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Growing sweet potatoes

After eating the sweet potato and veggie chili from this site, I have developed a new found love of sweet potatoes.  So I planted some this year, first time ever.

I feel kind of silly that I don't know this...but they grow underground, right?  If so, how do I know when to pick them?  I Googled around but couldn't find anything too helpful. 

Thanks for you help on this!  :)

We've got some in the ground, too (and some blue potatoes, can't wait).

Sweet potatoes do grow underground, however you may see part of one peeking through the soil at some point during the growing season.  Depending on the variety, they should be pulled from the soil 100-140 days after planting.  Usually, you can stick your fingers in the soil and feel around for a potato and can expose the area immediately around them to see how big they are.  Go ahead and pull that one up, because packing soil around it will only make it rot.  There will be a lot of potatoes per plant.  When we decide to pull everybody up, we'll use a pitch fork and carefully dig in the soil around the plant, get all of the soil loose and then pick through with our fingers.

Make sure you pull everything up before the first frost.  And the cool thing about sweet potatoes is, if you miss one or two in the soil, next year you'll be surprised with a plant.

Good luck with them, there's something really gratifying about pulling potatoes up from the earth.  I love it.

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Thanks, Nutdragon!  Ok, they have only been planted for about 60 days.  I was concerned because my tomatoes and green peppers were starting to yield.  But I've got a bit longer to wait.

If one plant yields many potatoes, do they freeze well? 

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Not really; I've had good luck freezing shreds and a mash (for soups and such), but not anything larger.  I got on a mission to see why you're not supposed to freeze potatoes a while back and did a lot of experimenting.  To make a long story short, there's too much water in them and when it freezes it screws with the integrity if the potato.  There's a thread on here about this from 100 years ago (OK, maybe last fall sometime); I'll look for it and post if I can find.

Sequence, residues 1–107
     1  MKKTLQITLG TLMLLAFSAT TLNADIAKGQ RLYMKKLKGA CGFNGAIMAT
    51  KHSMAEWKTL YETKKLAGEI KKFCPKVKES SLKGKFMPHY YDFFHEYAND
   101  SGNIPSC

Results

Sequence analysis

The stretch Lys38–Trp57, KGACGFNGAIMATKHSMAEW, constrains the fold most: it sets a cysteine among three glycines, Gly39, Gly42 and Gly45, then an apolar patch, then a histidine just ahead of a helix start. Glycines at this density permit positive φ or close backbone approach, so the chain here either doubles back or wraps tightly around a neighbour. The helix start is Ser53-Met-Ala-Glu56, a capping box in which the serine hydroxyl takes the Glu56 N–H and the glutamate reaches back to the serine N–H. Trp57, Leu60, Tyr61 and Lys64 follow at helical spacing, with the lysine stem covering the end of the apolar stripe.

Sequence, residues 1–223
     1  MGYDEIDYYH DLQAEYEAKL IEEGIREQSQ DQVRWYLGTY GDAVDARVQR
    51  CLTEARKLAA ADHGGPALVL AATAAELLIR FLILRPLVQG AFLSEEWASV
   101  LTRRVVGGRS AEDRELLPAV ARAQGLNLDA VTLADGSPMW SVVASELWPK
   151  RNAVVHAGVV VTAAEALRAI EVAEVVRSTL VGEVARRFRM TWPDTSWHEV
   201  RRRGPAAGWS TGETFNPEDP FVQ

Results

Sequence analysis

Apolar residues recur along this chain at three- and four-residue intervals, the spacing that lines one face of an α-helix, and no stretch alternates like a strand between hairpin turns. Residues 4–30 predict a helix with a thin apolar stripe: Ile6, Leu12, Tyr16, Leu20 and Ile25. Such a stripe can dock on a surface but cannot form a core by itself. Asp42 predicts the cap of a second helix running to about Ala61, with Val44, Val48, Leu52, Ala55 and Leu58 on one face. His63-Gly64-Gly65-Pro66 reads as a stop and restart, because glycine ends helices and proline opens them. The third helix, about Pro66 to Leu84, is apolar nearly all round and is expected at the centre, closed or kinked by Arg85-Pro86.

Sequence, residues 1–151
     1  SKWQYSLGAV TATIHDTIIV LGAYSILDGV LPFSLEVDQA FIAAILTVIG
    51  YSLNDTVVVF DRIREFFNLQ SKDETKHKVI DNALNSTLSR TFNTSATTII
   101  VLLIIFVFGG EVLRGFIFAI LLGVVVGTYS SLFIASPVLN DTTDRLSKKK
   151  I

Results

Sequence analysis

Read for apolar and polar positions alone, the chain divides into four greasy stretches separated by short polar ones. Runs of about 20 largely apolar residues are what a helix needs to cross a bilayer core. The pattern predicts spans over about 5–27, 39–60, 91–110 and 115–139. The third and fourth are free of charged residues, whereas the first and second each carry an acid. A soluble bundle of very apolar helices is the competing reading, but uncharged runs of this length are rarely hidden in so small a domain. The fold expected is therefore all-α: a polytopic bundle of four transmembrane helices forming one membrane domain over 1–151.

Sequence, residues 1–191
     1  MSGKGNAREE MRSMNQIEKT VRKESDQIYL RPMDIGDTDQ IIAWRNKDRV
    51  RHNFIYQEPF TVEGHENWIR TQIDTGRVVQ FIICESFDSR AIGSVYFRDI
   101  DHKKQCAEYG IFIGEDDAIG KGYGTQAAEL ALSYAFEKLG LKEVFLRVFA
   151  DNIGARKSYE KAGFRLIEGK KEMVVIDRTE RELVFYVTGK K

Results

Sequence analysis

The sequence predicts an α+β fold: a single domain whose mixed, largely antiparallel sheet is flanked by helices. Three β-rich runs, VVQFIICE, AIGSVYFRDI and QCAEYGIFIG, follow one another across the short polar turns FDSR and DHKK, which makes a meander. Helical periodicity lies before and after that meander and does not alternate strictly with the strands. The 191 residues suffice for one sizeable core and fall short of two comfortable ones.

When you pull them up, put them in the sun for a day then move them to a warm (80 deg) shady place for a week to cure the skins.  If you do that, the potatoes will be fine for a few months.  So unless you've got a dozen plants, you'll probably be able to eat them in time.

There is a great book called The Vegetable Gardener's Bible by Edward C Smith that has guided us through every garden we've ever had.  Good luck!

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Thanks nutdragon,
I too am growing them for the first time this year...and from what you posted...I think I "ruined" a few by feeling them and trying to see how big they are. I planted mine in late march, but the freeze we had in early april might have slowed things down a bit. I think they have another few weeks to go....

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i despise waiting for the garden to grow. this year we're growing hot peppers, sweet peppers, basil, eggplant (i say aubergine), zucchini, spinach, romaine lettuce, some other type of lettuce, swiss chard, tomatoes, and one or two pumpkins came up from last year. maybe i'll have to send some to you guys.  ;)

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i despise waiting for the garden to grow. this year we're growing hot peppers, sweet peppers, basil, eggplant (i say aubergine), zucchini, spinach, romaine lettuce, some other type of lettuce, swiss chard, tomatoes, and one or two pumpkins came up from last year. maybe i'll have to send some to you guys.  ;)

I'll take some of all of the above, please!  ;D

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okay deuceO!!! i love to share!  ;D

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Thanks nutdragon,
I too am growing them for the first time this year...and from what you posted...I think I "ruined" a few by feeling them and trying to see how big they are. I planted mine in late march, but the freeze we had in early april might have slowed things down a bit. I think they have another few weeks to go....

You may be OK; the problem with sweet potatoes (and tubers in general) is until their skins have seen sunlight, they're very fragile, so if you accidentally nicked the flesh and then buried it back, you could have invited all sorts of baddies into the potato.  If you didn't nick it or if the bad guys don't find it, there won't be a problem.  Either way, unless something really bad happens, it would only mess with the potatoes that you exposed.

Since we're on the subject, I thought I'd show you guys our heirloom zucchini that I plucked this morning.

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aww, their so pretty! what are you going to make with them?

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aww, their so pretty! what are you going to make with them?

Thanks!  I don't know yet.  I made a bunch of curried zucchini soup yesterday with the batch that we get from our CSA, but these are too pretty to puree...  I was thinking about cutting one of them in wedges like an orange and doing something, perhaps bake it?  for a really cool presentation.  I need to figure something out.  I also have green beans coming out of my ears.  We had a bunch in our CSA box, plus I just realized that there are a bunch ready to be pulled from our garden.  and I'm supposed to pick up this weeks box tonight.  egads.

I love this time of year.
Happy gardening!

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Thanks, you too!  :)

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